Read Matthew 4.1-11

                Then Jesus was led up by the Spirit into the wilderness to be tempted by the devil.  He fasted forty days and forty nights, and afterwards he was famished.  The tempter came and said to him, “If you are the Son of God, command these stones to become loaves of bread.”  But he answered, “It is written, ‘One does not live by bread alone, but by every word that comes from the mouth of God.'”  Then the devil took him to the holy city and placed him on the pinnacle of the temple, saying to him, “If you are the Son of God, throw yourself down; for it is written, ‘He will command his angels concerning you,’ and ‘On their hands they will bear you up, so that you will not dash your foot against a stone.'”  Jesus said to him, “Again it is written, ‘Do not put the Lord your God to the test.'”  Again, the devil took him to a very high mountain and showed him all the kingdoms of the world and their splendor; and he said to him, “All these I will give you, if you will fall down and worship me.”  Jesus said to him, “Away with you, Satan! for it is written, ‘Worship the Lord your God, and serve only him.'”  Then the devil left him, and suddenly angels came and waited on him.


From Rev. William Flewelling, Proctor, WV

                Fresh from the waters of baptism – raised from the Jordan, met by the Spirit, declared to be well-pleasing to God by a heavenly voice – Jesus is then led up into the wilderness.  The wilderness in the region of the Jordan, on either side, is desert: rock and dryness, a severe, even fierce landscape.  Tradition has it that Jesus went into the hills west of Jericho, a land of harsh rock – sandstone – gouged by occasional bursts of water raging from higher ground, cascading to the Jordan below.  Most of the time, the land is utterly dry, watered little and rarely at best.  There, the Spirit that had come upon him as a dove led him (Mark says ‘drove him’) to be tempted by the devil.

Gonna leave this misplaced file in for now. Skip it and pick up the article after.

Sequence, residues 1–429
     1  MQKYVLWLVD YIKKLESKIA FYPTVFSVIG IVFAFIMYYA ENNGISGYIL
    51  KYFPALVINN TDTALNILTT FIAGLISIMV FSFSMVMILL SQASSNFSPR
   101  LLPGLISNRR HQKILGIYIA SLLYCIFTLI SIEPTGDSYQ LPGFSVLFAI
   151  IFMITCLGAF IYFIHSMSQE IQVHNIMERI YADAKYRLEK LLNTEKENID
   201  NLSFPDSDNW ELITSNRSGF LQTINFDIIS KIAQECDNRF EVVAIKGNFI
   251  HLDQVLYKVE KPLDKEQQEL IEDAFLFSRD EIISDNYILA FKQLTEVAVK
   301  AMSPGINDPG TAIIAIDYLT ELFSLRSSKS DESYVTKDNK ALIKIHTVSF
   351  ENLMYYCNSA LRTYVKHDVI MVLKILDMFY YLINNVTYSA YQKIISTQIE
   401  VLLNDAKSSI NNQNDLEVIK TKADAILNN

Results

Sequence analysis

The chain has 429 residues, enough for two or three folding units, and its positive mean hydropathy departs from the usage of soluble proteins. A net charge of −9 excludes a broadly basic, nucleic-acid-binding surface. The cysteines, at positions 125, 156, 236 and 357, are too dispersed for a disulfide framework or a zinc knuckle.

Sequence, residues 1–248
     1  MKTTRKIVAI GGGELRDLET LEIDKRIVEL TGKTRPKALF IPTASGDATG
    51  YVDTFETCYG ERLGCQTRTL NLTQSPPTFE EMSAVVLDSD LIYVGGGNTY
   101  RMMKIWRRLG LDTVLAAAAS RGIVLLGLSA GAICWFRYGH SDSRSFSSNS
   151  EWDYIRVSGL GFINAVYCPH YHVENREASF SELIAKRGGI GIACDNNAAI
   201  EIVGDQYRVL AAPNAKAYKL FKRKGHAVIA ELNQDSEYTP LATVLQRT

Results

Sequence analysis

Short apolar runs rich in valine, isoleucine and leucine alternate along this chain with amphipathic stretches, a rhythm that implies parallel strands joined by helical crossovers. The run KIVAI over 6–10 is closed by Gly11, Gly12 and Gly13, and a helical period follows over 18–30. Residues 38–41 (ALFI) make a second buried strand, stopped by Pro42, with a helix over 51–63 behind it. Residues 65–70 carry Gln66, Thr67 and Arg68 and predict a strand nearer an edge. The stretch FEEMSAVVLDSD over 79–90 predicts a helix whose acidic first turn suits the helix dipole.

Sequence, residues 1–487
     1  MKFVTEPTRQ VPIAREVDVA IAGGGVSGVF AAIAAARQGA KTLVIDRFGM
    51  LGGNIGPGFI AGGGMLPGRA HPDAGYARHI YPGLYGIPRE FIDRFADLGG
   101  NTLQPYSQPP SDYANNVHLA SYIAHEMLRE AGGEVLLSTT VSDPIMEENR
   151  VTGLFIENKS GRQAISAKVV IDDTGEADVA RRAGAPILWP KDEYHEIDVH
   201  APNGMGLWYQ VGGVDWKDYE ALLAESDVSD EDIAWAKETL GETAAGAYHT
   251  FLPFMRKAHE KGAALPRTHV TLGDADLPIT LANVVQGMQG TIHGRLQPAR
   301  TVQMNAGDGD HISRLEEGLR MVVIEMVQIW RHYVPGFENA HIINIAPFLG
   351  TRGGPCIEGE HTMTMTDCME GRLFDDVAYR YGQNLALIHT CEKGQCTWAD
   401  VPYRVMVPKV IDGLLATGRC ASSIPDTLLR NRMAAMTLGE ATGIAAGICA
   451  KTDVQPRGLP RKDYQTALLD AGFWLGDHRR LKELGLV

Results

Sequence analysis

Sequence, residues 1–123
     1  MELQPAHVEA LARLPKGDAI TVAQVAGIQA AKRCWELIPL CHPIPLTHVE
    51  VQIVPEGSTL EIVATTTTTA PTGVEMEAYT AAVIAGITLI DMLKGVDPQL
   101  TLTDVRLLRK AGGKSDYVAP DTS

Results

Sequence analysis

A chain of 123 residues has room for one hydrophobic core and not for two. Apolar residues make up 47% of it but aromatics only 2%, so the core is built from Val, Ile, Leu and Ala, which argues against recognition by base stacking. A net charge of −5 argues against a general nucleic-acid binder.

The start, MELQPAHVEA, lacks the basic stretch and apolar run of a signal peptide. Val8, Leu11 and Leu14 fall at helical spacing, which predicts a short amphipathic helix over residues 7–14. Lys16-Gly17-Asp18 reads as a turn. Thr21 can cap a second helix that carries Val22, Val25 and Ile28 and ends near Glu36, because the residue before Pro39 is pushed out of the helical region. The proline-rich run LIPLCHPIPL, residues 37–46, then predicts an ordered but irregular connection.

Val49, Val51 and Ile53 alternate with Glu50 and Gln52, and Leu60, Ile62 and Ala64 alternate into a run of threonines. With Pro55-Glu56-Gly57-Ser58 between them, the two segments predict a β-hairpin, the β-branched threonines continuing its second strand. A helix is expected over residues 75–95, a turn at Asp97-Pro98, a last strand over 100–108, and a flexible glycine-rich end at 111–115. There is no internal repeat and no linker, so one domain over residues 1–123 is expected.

Precisely at the time when we anticipate freshness and delight in our taste of the life of faith, Jesus is led into a severe land, there to be tempted.  And the temptations are apt: stones to bread for a hungry man in a hungry world; a splash of notoriety for a man with a message to tell; the promise of great power and authority for a traveling preacher in the back waters of Palestine.  In all the ways he would be working, these would gain instant attention, popular favor.  The temptation is for obvious success!

                We meet this text devotionally within the season of Lent, a season of intense brooding, stretching from stories of temptation and ranging through all sorts of misunderstanding of what Jesus is about until we meet again at the cross, when everyone is dismayed that Jesus has failed them in their expectations.  Our season savors our hearts – the core of our awareness – on the cutting edge of our reluctant movement from favored misapprehensions to the victory of God at Golgotha.

                In starting – simply starting – we indulge ourselves in the radical, drastic austerity that meets success in the face of the desert and knows it as a temptation for the less than the fullness of God.  We cannot realize such things without temptation, without engaging ourselves in the severity of standing on our own integrity in the breach between enthusiasm and the pure holiness of God our Savior.

O God, as we are startled by your calling,
grace us with the stamina of vision
and the truth of your holiness embedded in our souls
that we might know the bliss that sears our too-easy ways
and lifts us in the way of Jesus.